In response to Mitt Romney’s inevitable criticism of President Obama’s economic record following Friday’s bleak
report, the pro-Obama PAC American Bridge is circulating the following video, taken from a Romney press conference on June 24, 2006 (via Andrew Sullivan): The takeaway, as Alexander Burns puts it, is that “rhetorically, there’s not much space between Obama ca. 2012 and Romney ca. 2006.” But how much space was there economically? Let’s look at a couple of Romney’s key claims and compare them against Massachusetts’ economy when he was governor and the U.S. economy during Obama’s tenure as president to find out.
Romney: “I came in and the jobs had been just falling right off a cliff, I came in and they kept falling for 11 months.”
Romney is actually a little too hard on himself. Employment was rising by 11 months into his tenure, and the unemployment rate was 5.6 percent, down from a peak of 6 percent. Obama had to deal with a much more severe economic downturn – unemployment maxed out at 10 percent, not six – and the situation was still deteriorating 11 months into his tenure.
Romney: ”We’ve turned around and since the turnaround we’ve added 50,000 jobs.”
Employment bottomed out seven months into Romney’s tenure, and 13 months into Obama’s. Let’s index payrolls to their worst months and see how things changed since then:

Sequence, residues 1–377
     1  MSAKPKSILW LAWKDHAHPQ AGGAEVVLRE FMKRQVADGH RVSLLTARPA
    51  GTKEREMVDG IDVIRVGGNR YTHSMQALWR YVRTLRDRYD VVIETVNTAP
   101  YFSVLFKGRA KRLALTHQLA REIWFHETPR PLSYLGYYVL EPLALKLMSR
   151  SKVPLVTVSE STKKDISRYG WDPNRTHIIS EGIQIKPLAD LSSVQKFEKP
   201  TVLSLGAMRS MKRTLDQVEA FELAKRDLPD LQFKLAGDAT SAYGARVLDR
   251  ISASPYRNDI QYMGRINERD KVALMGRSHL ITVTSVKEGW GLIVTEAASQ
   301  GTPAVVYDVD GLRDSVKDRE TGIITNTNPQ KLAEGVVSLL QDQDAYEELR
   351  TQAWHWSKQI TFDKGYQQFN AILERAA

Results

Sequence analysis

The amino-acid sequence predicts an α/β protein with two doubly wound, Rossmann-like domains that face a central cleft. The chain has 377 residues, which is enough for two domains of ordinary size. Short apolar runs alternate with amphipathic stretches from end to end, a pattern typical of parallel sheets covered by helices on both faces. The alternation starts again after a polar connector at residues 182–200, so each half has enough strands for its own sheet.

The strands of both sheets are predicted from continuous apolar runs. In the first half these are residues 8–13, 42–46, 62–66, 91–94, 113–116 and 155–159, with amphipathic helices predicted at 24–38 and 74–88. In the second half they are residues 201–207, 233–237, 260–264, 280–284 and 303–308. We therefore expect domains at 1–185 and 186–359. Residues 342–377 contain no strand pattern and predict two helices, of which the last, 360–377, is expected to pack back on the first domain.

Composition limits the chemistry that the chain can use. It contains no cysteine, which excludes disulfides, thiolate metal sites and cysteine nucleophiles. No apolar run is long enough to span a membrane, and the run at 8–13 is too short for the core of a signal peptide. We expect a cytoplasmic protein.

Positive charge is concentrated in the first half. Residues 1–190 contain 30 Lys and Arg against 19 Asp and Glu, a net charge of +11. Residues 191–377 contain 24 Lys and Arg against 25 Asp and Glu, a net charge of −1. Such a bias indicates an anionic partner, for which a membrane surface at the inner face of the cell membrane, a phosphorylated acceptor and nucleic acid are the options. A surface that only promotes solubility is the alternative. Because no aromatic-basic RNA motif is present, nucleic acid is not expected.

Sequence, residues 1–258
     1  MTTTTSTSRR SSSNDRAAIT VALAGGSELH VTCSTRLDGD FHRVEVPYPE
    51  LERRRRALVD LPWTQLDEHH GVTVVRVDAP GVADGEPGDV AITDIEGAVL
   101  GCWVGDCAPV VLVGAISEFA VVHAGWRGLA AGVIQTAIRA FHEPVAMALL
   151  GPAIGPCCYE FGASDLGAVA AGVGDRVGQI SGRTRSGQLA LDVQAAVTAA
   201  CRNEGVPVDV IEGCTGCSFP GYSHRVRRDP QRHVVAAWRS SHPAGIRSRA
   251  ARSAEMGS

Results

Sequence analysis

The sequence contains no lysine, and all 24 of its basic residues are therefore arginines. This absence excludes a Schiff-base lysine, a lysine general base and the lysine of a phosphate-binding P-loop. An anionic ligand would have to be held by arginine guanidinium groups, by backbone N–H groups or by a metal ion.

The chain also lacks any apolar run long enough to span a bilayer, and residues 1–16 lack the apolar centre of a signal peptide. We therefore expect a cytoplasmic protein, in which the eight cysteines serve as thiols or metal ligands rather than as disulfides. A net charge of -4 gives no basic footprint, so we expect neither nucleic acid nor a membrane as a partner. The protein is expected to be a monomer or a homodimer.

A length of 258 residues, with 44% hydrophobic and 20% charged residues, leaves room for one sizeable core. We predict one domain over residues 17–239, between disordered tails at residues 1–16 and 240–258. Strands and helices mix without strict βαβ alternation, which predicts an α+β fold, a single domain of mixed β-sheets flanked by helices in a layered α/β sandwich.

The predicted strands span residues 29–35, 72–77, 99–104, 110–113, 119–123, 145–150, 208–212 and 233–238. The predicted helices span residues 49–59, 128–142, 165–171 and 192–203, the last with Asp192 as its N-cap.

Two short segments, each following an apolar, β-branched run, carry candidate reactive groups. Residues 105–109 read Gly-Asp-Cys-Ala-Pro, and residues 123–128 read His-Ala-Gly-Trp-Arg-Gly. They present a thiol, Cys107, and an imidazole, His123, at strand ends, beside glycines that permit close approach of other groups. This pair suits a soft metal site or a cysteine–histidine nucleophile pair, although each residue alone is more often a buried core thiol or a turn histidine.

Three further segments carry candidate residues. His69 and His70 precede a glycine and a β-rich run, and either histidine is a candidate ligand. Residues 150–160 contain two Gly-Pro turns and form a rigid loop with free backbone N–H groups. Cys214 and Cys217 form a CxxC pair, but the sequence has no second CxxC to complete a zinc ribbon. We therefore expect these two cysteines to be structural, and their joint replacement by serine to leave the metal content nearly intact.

Romney’s right that employment was increasing later in his term. What’s more, when he made the above remarks in June 2006, employment was up by 52,025 from its trough in August 2003, so his claim of 50,000 jobs gained is accurate. But job growth has been swifter in the United States under Obama than it was in Massachusetts under Romney, so by 2006 Romney’s standards, Obama’s doing a bang-up job. Of course, job growth under Obama has been perhaps not swift enough, given the huge output gap left by the economic downturn, and Romney was governing during a period of full employment in which dramatic job gains aren’t going to be forthcoming. But again, if Romney thinks the pace of job growth during his tenure suggests his policies were working, then it follows that the pace of job growth under Obama suggests the president is really doing something right.
Romney: “We’re the, you know, we’re one part of that equation, but not the whole equation. A lot of it is outside of our control, it’s federal, it’s international, it’s private sector.”
Here Romney is totally right. The federal government has a lot more power over the national economy than state governments do over state economies. A lot is outside of governors’ control. Perhaps the most important thing they can’t affect is the value of money. Just like the euro zone countries, U.S. states have ceded monetary policy control to a central actor, to wit the Federal Reserve, that deserves much of the credit and/or blame for those states’ economic performance. So when evaluating both Romney’s and Obama’s economic records, bear in mind that Ben Bernanke and, during Romney’s tenure, Alan Greenspan, bear at least as much if not more responsibility for the employment numbers as do the guys leading the federal, and especially the state, executive branches.